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"...I feel Norwegian and my friends call me Norwegian. I feel this is where I belong"
February 2, 2011 9:06 AM   Subscribe

Why Norway deported its 'Norwegian of the year'.
posted by klue (36 comments total) 4 users marked this as a favorite

 
I was expecting a Black Metal dude.
posted by jonmc at 9:10 AM on February 2, 2011


I just came in here to write the same thing. Damn.
posted by nevercalm at 9:14 AM on February 2, 2011


From the main BBC link:

John Peder Egenaes, head of Amnesty International Norway, said: "Norway is one of the few countries that have not at any point had any kind of regularisation of these people's situations.

"I believe six million people have undergone so-called regularisation in Europe.

"It basically means their status as illegal is changed to legal. And this has never happened in Norway. We are just creating a paperless underclass right now."


That middle sentence didn't half give me a jolt for a moment.
posted by Jody Tresidder at 9:15 AM on February 2, 2011


They're a sharing people.
posted by Jilder at 9:17 AM on February 2, 2011 [1 favorite]


"Many of the people demonstrating against her deportation argue that paperless immigrants should be granted the right to work, pay taxes and access Norway's public health service... "

Meanwhile, in the USA, we have teabaggers protesting immigrants even getting due process...
posted by notsnot at 9:23 AM on February 2, 2011


Generally the immigrants in Norway aren't brown, notsnot. I'm sure if all our illegals were tall, striking, blonde, pale, blue-eyed Scandinavians and Russians, the Tea-Party would be happy to have them.
posted by spicynuts at 9:24 AM on February 2, 2011


Generally the immigrants in Norway aren't brown, notsnot. I'm sure if all our illegals were tall, striking, blonde, pale, blue-eyed Scandinavians and Russians, the Tea-Party would be happy to have them.

Well there is actually some racism directed at eastern european immigrants to Scandinavia. According to the racists they bring disease and crime, but I'm sure that's not at all similar.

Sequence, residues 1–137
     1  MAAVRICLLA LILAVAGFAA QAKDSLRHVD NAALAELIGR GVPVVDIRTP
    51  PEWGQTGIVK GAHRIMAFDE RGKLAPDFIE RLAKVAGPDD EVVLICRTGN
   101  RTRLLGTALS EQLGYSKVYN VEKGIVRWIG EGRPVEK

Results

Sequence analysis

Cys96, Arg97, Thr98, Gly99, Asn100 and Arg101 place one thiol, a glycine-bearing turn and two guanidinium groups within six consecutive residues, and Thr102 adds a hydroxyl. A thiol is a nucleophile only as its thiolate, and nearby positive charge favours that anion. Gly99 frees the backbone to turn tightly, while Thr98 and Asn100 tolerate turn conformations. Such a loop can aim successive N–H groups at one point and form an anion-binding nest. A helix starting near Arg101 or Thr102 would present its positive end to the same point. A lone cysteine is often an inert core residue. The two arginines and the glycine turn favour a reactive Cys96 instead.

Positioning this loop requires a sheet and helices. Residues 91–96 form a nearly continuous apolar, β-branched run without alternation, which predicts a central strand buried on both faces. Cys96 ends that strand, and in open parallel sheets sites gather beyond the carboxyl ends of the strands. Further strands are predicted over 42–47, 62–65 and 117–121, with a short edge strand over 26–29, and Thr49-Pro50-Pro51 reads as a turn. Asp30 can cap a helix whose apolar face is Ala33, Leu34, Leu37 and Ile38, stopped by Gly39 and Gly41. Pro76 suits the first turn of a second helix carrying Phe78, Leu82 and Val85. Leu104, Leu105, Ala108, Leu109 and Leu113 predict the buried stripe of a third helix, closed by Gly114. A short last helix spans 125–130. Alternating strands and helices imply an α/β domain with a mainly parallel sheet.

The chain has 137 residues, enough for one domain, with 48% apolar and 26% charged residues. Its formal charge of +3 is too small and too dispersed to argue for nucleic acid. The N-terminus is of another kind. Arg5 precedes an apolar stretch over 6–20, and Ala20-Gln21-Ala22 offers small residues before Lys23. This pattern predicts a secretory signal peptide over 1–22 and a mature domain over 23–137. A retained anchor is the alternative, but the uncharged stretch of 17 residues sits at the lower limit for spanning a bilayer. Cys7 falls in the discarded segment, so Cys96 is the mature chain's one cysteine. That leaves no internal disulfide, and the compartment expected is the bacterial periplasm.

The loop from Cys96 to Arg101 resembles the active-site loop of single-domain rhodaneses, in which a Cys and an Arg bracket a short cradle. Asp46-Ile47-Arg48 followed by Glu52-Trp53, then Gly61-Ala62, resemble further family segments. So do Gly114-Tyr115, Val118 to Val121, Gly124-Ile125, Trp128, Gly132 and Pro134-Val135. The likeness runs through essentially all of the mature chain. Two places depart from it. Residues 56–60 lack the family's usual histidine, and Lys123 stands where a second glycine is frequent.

posted by atrazine at 9:27 AM on February 2, 2011


This has been a major story for weeks here, as you can imagine.

There are no good or easy answers here.

She could have put in an application to apply for asylum herself, but didn't. This very well could have gotten her citizenship, as she had a good case, but it also could have meant that her parents could be identified and deported (they wouldn't have had a good case).

Keep in mind that Norway is very much a jus sanguinis place, probably at the farthest end of this spectrum that a place can be and still have sane laws. The US is about as far as you can get on the other end of the spectrum (jus soli).

This is why my daughter, born of two American citizens in Norway, had *no citizenship* at the time of her birth. She wasn't Norwegian, because she wasn't the child of a citizen, and we had to claim American citizenship for her, because not being born in America, she wasn't automatically granted it. It's a weird world we live in.
posted by grajohnt at 9:28 AM on February 2, 2011 [1 favorite]


Ultimately, I hope M.A's plight will have shed enough light on the situation many refugees find themselves in here in Norway. The legal argument aside, this situation has been handled in a spectacularly tactless fashion by the Norwegian government, which is part of the reason so many are being vocal about it.

For a small sampler of tactlessness, check out the Norwegian Immigration's flickr stream. Yes, those are people being deported, shared for your viewing pleasure.

By choosing to take a stand with the handling of this particular case, they've shot themselves in the foot so thoroughly they've got nothing left to stand on. She's Norwegian of the Year; she's got friends in high places and friends who buy ink by the proverbial barrel. She's everything the government would want in an ideal immigrant: a thriving, well-integrated, contributing member of society.

Adding insult to injury, her case was dismissed outright as a codependent of her parents'. She's 25 now, and never got her case reviewed on its own merits: her parents choose to remain in Norway as illegal immigrants. She was 12-13 at the time of arrival - hardly an independent actor in that horrible "crime" of desperately wanting a better, safer life. Despite having grown up, made a life and completed a Master's here, she hasn't got quite enough of a "proven (cultural) attachment to Norway".

And finally, the most important reason she was denied was because of the political ramifications it would have on the existing policies, a so-called "signal effect".

Detractors say her case is hardly unique and that the media coverage is trumped up. I agree, but people who can't see all the trees for the forest are finally opening their eyes to the fact that each of these trees has a unique story of its own. And that's her contribution, as a temporary martyr and embodiment of everyone living a life of hiding in this country.

If any one country could afford to be generous in circumstances like these ones, it should be one of the wealthiest. And Norway is just that.
posted by flippant at 9:41 AM on February 2, 2011 [5 favorites]


Keep in mind that Norway is very much a jus sanguinis place, probably at the farthest end of this spectrum that a place can be and still have sane laws. The US is about as far as you can get on the other end of the spectrum (jus soli).